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Safety concern: PGIMER plans to install 1,700 advanced fire extinguishers

Move comes in wake of blaze last month

Safety concern: PGIMER plans to install 1,700 advanced fire extinguishers

A gutted room at Nehru Hospital after a fire last month. file



Tribune News Service

Naina Mishra

Chandigarh, December 7

In the wake of the fire incident that engulfed ‘C’ block at Nehru Hospital in the PGIMER last month, resulting in significant damage, the hospital is now taking measures to enhance its fire safety protocols.

The PGIMER plans to install approximately 1,700 fire extinguishers equipped with advanced technology to bolster its firefighting capability.

PGIMER Director Prof Vivek Lal said, “By January 1, the hospital will be equipped with enhanced fire safety measures, boasting installation of 1,700 advanced fire extinguishers.”

The new range of fire extinguishers includes water mist, clean agent and powder. The clean agent extinguisher is known for being electrically non-conductive, volatile and gaseous, leaving no residue upon evaporation. This makes it suitable for dealing with fires involving electrical equipment.

The water mist extinguisher, on the other hand, employs fine water particles to douse flames. The small droplets effectively control the flames by reducing the temperature of the blaze and its surroundings.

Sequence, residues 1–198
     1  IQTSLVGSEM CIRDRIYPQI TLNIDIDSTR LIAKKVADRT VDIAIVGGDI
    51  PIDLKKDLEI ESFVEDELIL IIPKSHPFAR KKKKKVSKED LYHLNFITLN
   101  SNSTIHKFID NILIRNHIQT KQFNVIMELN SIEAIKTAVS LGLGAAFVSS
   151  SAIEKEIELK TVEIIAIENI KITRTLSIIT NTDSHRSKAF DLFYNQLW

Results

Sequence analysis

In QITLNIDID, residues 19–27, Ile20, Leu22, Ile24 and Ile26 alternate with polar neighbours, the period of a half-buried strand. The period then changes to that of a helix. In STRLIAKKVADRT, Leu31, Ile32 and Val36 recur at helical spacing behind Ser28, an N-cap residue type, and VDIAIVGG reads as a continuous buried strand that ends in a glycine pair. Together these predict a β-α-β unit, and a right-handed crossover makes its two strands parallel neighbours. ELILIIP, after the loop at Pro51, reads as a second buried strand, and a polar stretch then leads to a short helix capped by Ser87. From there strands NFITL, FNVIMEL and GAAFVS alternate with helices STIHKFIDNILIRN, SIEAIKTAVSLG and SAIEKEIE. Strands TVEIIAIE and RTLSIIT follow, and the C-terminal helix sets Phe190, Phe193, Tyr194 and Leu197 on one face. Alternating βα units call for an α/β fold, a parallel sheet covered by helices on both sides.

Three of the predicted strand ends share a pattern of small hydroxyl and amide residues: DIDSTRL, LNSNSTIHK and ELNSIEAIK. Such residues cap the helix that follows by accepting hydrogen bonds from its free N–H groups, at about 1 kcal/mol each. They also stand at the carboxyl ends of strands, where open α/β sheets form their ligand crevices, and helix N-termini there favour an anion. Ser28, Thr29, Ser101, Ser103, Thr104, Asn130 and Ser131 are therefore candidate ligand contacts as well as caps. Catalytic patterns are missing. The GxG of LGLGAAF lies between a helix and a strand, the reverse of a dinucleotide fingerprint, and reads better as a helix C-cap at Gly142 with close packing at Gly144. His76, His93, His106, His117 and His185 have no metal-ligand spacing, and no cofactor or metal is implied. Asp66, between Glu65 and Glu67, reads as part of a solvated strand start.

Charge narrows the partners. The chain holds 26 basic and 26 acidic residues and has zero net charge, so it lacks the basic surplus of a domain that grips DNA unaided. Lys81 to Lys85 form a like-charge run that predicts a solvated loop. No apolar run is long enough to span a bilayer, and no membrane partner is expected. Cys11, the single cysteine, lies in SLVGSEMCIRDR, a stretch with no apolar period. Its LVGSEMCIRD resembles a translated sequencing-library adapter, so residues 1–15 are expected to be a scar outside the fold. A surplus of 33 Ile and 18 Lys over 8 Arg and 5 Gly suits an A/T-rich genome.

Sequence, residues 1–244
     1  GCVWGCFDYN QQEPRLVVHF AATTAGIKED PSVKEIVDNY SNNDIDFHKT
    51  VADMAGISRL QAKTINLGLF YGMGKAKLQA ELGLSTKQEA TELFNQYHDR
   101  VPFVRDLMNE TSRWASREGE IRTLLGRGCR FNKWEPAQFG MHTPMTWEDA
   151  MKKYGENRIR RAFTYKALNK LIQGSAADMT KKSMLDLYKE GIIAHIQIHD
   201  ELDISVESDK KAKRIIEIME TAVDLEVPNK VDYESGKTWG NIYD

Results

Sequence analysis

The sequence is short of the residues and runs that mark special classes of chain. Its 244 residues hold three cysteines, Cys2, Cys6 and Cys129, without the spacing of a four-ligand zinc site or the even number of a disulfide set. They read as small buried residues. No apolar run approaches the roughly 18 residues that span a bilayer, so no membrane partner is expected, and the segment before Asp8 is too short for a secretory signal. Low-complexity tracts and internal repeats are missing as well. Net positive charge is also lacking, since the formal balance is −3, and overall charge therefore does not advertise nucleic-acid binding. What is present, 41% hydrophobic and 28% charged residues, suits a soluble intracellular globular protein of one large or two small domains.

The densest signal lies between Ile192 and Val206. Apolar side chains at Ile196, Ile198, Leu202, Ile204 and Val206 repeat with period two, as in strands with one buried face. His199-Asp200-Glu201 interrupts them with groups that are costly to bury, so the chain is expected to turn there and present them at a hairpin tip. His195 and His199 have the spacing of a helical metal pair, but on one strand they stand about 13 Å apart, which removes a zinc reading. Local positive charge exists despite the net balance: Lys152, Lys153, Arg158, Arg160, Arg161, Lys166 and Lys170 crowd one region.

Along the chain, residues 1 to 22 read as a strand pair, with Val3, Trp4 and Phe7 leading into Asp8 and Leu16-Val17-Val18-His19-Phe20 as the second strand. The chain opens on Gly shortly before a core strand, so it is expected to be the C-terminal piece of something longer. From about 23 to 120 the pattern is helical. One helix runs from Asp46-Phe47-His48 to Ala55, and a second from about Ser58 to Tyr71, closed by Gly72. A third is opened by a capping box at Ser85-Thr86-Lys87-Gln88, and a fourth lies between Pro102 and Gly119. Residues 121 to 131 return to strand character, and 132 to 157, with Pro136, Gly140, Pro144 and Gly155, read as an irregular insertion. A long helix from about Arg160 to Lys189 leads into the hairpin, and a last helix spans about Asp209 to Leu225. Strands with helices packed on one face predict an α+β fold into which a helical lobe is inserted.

The PGIMER currently relies on over 2,500 fire extinguishers, primarily of ABC and CO2 types. ABC extinguishers are suitable for ordinary combustibles, flammable liquids and electrical fires, while CO2 extinguishers are effective against electrical fires.

The recent challenge faced during the Nehru fire incident was the presence of batteries in the affected room. This made the use of water impossible due to the risk of electrocution for firefighters. To tackle fires involving primary cell lithium batteries, a specialised powder fire extinguisher designed for combustible metal fires, including lithium, is being procured by the institute.

In addition to the installation of fire extinguishers, the PGIMER is planning to enhance the skills of its paramedical staff and healthcare workers. Plans are underway to provide comprehensive training on the proper use of fire extinguishers. This will empower the hospital staff to respond effectively in case of fire emergencies, ensuring the safety of both personnel and patients.

Types of equipment

  • The new range to be procured by the PGI includes water mist, clean agent and powder fire extinguishers.
  • The clean agent extinguisher is known for being electrically non-conductive, volatile and gaseous, leaving no residue upon evaporation. This makes it suitable for dealing with fires involving electrical equipment.
  • The water mist extinguisher, on the other hand, employs fine water particles to douse flames. The small droplets effectively control the flames by reducing the temperature of the blaze and its surroundings.
  • To tackle fires involving primary cell lithium batteries, a specialised powder fire extinguisher designed for combustible metal fires, including lithium, is being procured.

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